Academic journal article Journal of the Medical Library Association

Navigating the US Health Care System: A Video Guide for Immigrant and Diverse Populations*

Academic journal article Journal of the Medical Library Association

Navigating the US Health Care System: A Video Guide for Immigrant and Diverse Populations*

Article excerpt

INTRODUCTION

Commitment to diversity is an important part of the strategic plan of the University of Nebraska Medical Center (UNMC) [1]. As part of this commitment, the university provides support and incentives for diversity initiatives. It is hoped that, in addition to promoting diversity, the funded initiatives will strengthen existing relationships and build new, positive relationships with local community service organizations.

In 2004, the McGoogan Library of Medicine at UNMC was selected as one of the units to receive diversity funds. A team of five librarians, the authors, was chosen to work on this project. While no exact guidance was given, the team was encouraged to address the health information needs of diverse or underserved populations in Nebraska. Twenty-five thousand dollars in one-time funding was provided. As continued funding could not be anticipated, it was important that the project be relatively timeless.

While brainstorming about the type of project to undertake, the team found numerous studies describing difficulties recent immigrants might encounter when dealing with the US health care system [2-7]. Difficulties ranged from making appointments to understanding the need to disclose personal information or express disagreement with a physician. The team realized that many of these issues can result from a lack of knowledge about the basic elements of a doctor's appointment in the United States. These basics likely do not change rapidly over time; thus, a resource explaining these concepts should have long-lasting usefulness.

PLANNING FOR THE INTERVENTION

A literature search revealed reports of some health education programs that had been designed to teach basic health maintenance concepts to children of immigrants. Creators of one program felt that it was successful because the children could share the basic information they had learned with their parents and that parents were open to people who cared about their children [8].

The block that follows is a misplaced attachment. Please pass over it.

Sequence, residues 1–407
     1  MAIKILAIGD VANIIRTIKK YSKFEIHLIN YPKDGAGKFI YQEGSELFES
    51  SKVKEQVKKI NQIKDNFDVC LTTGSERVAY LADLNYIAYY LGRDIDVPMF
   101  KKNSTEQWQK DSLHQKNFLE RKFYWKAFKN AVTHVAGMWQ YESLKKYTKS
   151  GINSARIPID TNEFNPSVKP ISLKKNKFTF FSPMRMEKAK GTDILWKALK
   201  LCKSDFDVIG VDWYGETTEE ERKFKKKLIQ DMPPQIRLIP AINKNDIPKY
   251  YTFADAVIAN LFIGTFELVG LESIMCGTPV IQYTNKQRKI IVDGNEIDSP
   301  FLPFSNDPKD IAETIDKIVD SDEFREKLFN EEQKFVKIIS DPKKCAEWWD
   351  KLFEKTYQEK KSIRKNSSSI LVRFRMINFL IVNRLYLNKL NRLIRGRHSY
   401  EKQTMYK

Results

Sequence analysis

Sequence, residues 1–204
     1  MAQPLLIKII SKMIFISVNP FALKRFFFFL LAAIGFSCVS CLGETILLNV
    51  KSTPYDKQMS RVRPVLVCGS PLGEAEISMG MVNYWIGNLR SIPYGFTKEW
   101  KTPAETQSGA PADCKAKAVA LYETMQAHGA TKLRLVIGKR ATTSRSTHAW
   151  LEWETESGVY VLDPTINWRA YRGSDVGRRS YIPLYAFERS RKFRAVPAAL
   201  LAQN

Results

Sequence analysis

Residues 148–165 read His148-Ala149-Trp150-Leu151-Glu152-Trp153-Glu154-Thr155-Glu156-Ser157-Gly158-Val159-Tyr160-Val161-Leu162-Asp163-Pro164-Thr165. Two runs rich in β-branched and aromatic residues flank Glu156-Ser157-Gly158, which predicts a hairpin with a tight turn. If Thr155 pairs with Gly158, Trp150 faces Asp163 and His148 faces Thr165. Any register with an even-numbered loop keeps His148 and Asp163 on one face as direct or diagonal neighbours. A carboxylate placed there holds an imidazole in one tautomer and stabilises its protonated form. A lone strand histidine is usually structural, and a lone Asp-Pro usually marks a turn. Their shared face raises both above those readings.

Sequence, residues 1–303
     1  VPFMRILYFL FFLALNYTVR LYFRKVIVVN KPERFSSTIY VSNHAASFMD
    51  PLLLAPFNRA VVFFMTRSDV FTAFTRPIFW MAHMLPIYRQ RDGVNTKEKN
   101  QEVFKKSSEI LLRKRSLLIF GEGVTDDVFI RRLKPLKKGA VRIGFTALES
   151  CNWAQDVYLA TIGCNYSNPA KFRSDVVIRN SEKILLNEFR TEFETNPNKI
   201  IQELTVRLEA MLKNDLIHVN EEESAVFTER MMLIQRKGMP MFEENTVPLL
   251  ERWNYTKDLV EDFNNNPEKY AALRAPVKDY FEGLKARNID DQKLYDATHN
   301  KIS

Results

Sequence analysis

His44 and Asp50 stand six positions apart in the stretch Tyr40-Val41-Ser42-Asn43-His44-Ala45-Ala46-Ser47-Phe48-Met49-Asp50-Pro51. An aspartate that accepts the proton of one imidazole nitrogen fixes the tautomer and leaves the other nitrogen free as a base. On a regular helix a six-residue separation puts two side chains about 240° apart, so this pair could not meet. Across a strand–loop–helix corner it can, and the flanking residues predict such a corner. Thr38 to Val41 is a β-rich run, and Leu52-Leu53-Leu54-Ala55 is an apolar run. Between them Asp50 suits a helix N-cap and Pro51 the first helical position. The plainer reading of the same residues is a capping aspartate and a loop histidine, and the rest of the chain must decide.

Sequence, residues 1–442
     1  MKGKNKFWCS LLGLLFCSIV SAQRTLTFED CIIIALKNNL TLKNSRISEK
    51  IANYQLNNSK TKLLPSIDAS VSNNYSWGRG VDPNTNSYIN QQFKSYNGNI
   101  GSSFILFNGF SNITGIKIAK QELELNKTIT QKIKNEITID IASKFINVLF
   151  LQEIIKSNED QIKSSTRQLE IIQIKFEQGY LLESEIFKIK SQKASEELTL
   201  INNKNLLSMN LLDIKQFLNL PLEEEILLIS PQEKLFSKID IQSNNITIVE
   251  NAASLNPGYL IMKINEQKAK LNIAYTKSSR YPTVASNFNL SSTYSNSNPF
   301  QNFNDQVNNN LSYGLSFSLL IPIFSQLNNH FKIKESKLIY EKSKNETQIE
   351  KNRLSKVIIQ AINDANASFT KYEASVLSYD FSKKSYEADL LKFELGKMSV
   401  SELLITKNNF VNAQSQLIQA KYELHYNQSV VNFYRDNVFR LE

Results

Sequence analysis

The team felt that aiming the project at children could teach basic information without being condescending, and it was likely that such basic information would be shared with the children's parents. After meeting with several individuals who worked with Nebraska's diverse underserved and immigrant populations, the team decided that much information could be conveyed through a video, narrated in several languages, that would follow a child's family through the process of making a doctor's appointment, visiting the doctor, and visiting the library to obtain additional health information. A subsequent meeting with a local school nurse confirmed the need for basic information about what to expect when visiting the doctor.

Because none of the team members had ever participated in the creation of this type of video, it was unknown if it would be possible to produce a video with the given budget and proposed one-year timeframe. Several local video production companies were contacted, but ultimately the team decided to work with the UNMC Video Services Department. The video services staff had worked on previous projects with the library, and it was felt that a familiar face on campus might ease some of the team's anxiety about venturing into new territory.

Review of the literature about the obstacles faced by immigrants seeking health care produced a list of elements that the team wanted to include in the video (Figure 1). Children's books and a children's video about going to the doctor were also reviewed to see what others considered important or interesting to children. The team decided to aim the video at an early- to mid-elementary school audience. Specifically, the aim was for complete comprehension by eight-year-old children and at least partial comprehension by fiveyear-olds. To accommodate the attention span of younger children and viewers of all literacy levels, the target length for the video was set at ten minutes [9]. …

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